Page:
The art market is a popular place where modern artists can make decent money for their art. It can be any form of art: fine art, digital illustration, exclusive video, or even audio. But it has a major drawback: it is often used for money laundering and counterfeiting.
Many people, who would like to buy some art, are scared of it. They don’t know if they buy a genuine piece of art or a replica. Also, many art auctions are used for money laundering purposes, partly because dealers are free to raise the price to the point that it looks ridiculous, but still fully legal.
Blockchain and cryptocurrencies are ready to disrupt this market, making it fair for every party involved. There will be no “scamish things” because every interaction will be recorded in a blockchain. And today I want to share with you how crypto can change the art industry for good.
Cryptocurrencies and the Art Market
Cryptocurrencies have become common in every aspect of our lives, including art. Crypto can offer greater security and anonymity, but at the same time full transparency. Especially, if you are selling a physical item and its digital copy as an NFT.
You can track how it changes its price over time. It would be highly beneficial to prevent abuse of power and money laundering schemes. Anyone can track how many owners the item has had over time and how it affected the price.
It will be easier to verify the authenticity of the piece of art throughout its lifetime. Buyers can be sure that they are buying a genuine piece of art. Both parties also get faster and cheaper transactions due to reduced fees. If you buy some art on the marketplace directly from the artist, you can support them by paying more for the same piece of art.
There are already dozens of art marketplaces that accept crypto as one of their payment options. Here are the most popular: Artplode, Maecenas, Artnet, Superrare, Singulart, Blockparty, ArtPro, OpenSea, KnownOrigin, Verisart, Paddle8, and Vellum LA. As you see, there are plenty of physical and digital art options.
But, as with everything in our world, this decision has its own drawbacks. Currently, it still lacks regulation, so we will see more laws directly affecting the art market. Crypto is a highly volatile asset. Yes, even the stablecoins. They are less volatile than other digital coins but are less stable than fiat money.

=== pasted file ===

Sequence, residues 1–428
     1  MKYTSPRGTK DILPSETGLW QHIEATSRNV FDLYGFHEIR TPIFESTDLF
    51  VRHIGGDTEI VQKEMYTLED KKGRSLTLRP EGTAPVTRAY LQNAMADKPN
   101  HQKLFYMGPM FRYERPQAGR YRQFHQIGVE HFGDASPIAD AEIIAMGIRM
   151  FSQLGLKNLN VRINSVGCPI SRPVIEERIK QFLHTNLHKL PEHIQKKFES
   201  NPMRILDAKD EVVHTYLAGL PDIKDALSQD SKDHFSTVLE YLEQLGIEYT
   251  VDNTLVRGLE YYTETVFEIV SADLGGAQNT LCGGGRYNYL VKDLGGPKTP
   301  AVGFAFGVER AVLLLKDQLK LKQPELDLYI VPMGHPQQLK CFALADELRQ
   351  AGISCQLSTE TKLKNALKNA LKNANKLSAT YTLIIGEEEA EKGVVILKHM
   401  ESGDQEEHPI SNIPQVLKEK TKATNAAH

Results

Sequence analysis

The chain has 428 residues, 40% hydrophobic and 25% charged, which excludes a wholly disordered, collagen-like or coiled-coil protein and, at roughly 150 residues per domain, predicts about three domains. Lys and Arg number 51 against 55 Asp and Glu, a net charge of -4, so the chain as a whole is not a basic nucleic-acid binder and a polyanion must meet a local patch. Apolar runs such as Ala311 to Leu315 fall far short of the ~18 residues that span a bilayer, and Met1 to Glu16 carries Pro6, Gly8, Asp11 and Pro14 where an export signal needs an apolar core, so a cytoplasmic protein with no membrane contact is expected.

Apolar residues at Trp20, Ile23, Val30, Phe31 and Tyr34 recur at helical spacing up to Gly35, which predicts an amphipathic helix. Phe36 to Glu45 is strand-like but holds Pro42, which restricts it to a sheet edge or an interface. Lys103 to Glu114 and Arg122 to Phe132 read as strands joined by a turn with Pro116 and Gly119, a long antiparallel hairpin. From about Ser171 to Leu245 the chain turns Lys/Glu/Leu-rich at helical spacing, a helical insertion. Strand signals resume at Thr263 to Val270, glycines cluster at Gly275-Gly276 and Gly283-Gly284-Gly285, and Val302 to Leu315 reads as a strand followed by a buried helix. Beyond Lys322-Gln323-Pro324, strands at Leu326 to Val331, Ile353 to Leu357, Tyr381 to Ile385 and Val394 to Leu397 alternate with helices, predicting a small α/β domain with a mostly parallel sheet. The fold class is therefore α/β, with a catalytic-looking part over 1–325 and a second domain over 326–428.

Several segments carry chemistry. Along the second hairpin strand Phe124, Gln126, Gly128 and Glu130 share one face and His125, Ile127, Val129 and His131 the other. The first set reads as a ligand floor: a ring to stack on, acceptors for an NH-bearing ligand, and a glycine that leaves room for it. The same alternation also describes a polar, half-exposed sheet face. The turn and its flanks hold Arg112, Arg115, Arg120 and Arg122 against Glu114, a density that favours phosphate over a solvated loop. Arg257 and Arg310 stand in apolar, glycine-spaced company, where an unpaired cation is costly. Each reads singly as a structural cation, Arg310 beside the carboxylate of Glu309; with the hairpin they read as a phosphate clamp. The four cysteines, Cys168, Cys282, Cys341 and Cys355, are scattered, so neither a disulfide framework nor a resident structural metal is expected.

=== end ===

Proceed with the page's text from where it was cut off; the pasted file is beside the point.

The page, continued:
Crypto is technically complex, so there are not a lot of people who want to use it. There are mainly young tech-savvy users. Due to this, crypto still has limited acceptance, especially in the well-established art market industry.
Cryptocurrencies and Art Ownership
As I said before, crypto is the perfect tool for proving the art ownership of some pieces of art. But how can I be so sure about this? Well, blockchain is a decentralized ledger system that provides a transparent and secure way to record and verify transactions.
Each artwork can have a digital twin that acts as a token or a unique digital identity. And when an auction sells some piece of art, they also transfer this art token from their crypto wallet to the buyer’s wallet. And this transaction will be immediately recorded in the blockchain, proving the ownership.
In short, once some information is added to the blockchain, it stays here forever. No one can change it. If there is a token in the blockchain that “says” that this picture was sold to John Doe in France during an auction in 2023, this information stays there forever.
Even when a criminal-related art dealer tries to modify the sale details, that would be impossible to maintain. Moreover, some blockchains may warn other members that someone has attempted to alter the data. So, it would be a lot easier to track and sue criminals due to abuse of power.
It would be impossible to hack the data because there is no central server due to decentralization. Data is stored in independent nodes throughout the network. Even when someone tries removing data from one wallet, it still stays on other blockchain members. It gives enhanced security for all parties involved.
Some art marketplaces are already using blockchain and cryptocurrencies to create unremovable records of artwork ownership. Vesiart, Codex, and Blockai allow artists and collectors to build authentic records. Artory and ArtChain Global use blockchain to create a permanent record of artworks, including exhibition history and ownership.
Cryptocurrencies and Art Funding